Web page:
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ASU professor named top in state of Arizona

The Carnegie Foundation for the Advancement of Teaching and the Council for Advancement and Support of Education have named Arizona State University scientist Jane Maienschein the 2010 Arizona Professor of the Year. Maienschein, a Regents' Professor and Parents Association Professor in ASU's School of Life Sciences, was selected from more than 300 top professors in the United States.

"Teaching is a team sport," Maienschein says, with credit to colleagues and the Distinguished Teaching Academy that has created a culture of teaching and learning excellence at ASU. Amy Ostrom, a professor of marketing with the W.P. Carey School of Business, won an state award in 2004 and serves as president of the academy.

"Outstanding teaching and research go hand in hand. They reinforce each other. This recognition is a statement about ASU as a whole and a tradition of caring about teaching excellence." Maienschein will be honored at a ceremony to be held in Washington, D.C. on Nov. 18.

Maienschein is director of the Center for Biology and Society at ASU, a dynamic center that promotes the exploration of the conceptual foundations and historical developments of the biosciences and their diverse interactions with society. The center works across disciplines, stimulating intellectual ferment and impact through research and educational collaborations and communications (

Her leadership has created undergraduate and graduate degree programs that attract gifted students from across the country, including Bioethics, Policy, and Law; Ecology, Economics, Ethics and Environment; History and Philosophy of Science; and Responsible Conduct in Research. Some specific projects developed at the center include the Embryo Project, the Bioethics in Films Series (at ASU) and the History of Biology course held at the renowned Wood's Hole Marine Biological Laboratory in Massachusetts. What distinguishes her creations most, however, are her attention to innovation and the collaborative sense of community she creates for students. That's one of the reasons she was chosen by ASU's Parents Association as Professor of the Year in 2000.

Maienschein is part of a group of colleagues in the School of Life Sciences who have received millions of dollars from the Howard Hughes Medical Institute to develop the School of Life Sciences Undergraduate Research (SOLUR) program, an annual research mentoring program for 100+ students. With SOLUR in the College of Liberal Arts and Sciences and the ASU Barrett Honors College in mind, she organizes student participation in the annual American Association for the Advancement of Science (AAAS) meeting. Roughly a dozen students serve each year in the AAAS session aide program, acting as support staff, communications personnel, and session evaluator, while also presenting posters of their research.

Maienschein puts students in touch with top scientists and top programs in the country, helping them empower themselves for the future, says ASU President Michael Crow: "I congratulate Dr. Maienschein for her recognition and appreciate her tireless and inspirational efforts to strengthen undergraduate education, advance institutional programs of interdisciplinary study and collaborative exchange, and catalyze meaningful changes in scholarship while meeting simultaneously the needs of the individual student."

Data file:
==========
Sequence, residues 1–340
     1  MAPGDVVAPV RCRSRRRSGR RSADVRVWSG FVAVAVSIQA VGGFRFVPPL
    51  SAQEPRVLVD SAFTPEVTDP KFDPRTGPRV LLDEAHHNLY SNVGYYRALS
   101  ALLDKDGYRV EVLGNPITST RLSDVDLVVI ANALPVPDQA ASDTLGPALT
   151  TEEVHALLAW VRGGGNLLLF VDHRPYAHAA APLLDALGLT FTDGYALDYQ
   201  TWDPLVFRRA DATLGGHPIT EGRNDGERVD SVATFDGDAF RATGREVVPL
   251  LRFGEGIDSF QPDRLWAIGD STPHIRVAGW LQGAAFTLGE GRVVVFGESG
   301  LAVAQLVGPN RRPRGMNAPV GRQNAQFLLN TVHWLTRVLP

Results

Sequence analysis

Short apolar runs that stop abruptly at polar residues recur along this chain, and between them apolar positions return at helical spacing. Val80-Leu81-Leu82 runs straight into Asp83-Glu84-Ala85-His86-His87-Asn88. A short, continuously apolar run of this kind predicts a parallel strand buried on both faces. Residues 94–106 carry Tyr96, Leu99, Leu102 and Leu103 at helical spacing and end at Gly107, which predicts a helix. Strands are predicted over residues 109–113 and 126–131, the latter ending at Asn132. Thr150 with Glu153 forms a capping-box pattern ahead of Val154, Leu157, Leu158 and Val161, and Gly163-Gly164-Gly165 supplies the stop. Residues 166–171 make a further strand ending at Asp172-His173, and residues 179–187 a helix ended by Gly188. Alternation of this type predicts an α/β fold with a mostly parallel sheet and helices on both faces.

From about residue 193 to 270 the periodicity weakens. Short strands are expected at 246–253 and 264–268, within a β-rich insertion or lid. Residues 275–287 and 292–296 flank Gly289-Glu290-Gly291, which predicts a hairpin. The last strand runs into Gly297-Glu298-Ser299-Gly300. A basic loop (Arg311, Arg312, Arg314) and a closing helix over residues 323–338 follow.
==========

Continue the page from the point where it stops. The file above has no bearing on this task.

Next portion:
Maienschein is a Fellow of the Association for Women in Science and AAAS, has served two terms as a board member for national AWIS in Washington, D.C., and has served as the first president for the International Society for History, Philosophy, and Social Studies of Biology (which Maienschein says is affectionately called Ishkabibble), and as president of the History of Science Society.

While her awards are many, the true evidence of her gifts as a researcher, scholar and mentor is in the lives that she has changed, like that of Dr. Farshad Fani Marvasti, one of Maienschein's undergraduate students who went on to a medical degree, residency and a fellowship at Stanford University. He says when he thinks of one person other than his parents who has dramatically shaped his life and influenced the course of his career, he thinks of Maienschein. "She is an incredibly dedicated professor who I believe sets an infallible standard of mentorship that most professors can only hope to achieve. Her impact on students is simply amazing."

"Anyone who has had the privilege of being a student of Dr. Maienschein inevitably succeeds at the highest level in their chosen field. Because of her scholarly approach to teaching and indefatigable efforts outside of the classroom to better her students and refine their voice as they seek to find their career path, she is undoubtedly one of the greatest professors who has ever lived," Marvasti says.

ASU alumna Dr. Catlin Schaninger agrees, and says that Maienschein is a caring, enthusiastic and challenging, yet encouraging, educator, mentor and role model. "I feel truly privileged to have been one of her students. The lessons I have learned from her have made me a better communicator, critic, student and patient educator, mentor, and human being and for that I am deeply grateful." Maienschein was Schaninger's Barrett Honors College thesis advisor.

Maienschein is the 10th ASU educator chosen by CASE and the Carnegie Foundation as a top professor in Arizona. Previous winners have also come from University of Arizona (4), Northern Arizona University (2), Glendale Community College (1), Phoenix University (1), Pima Community College (1). This year's 38 state winners and four national winners were selected from nominations from colleges and universities nationwide.


Contact: Margaret Coulombe
Arizona State University

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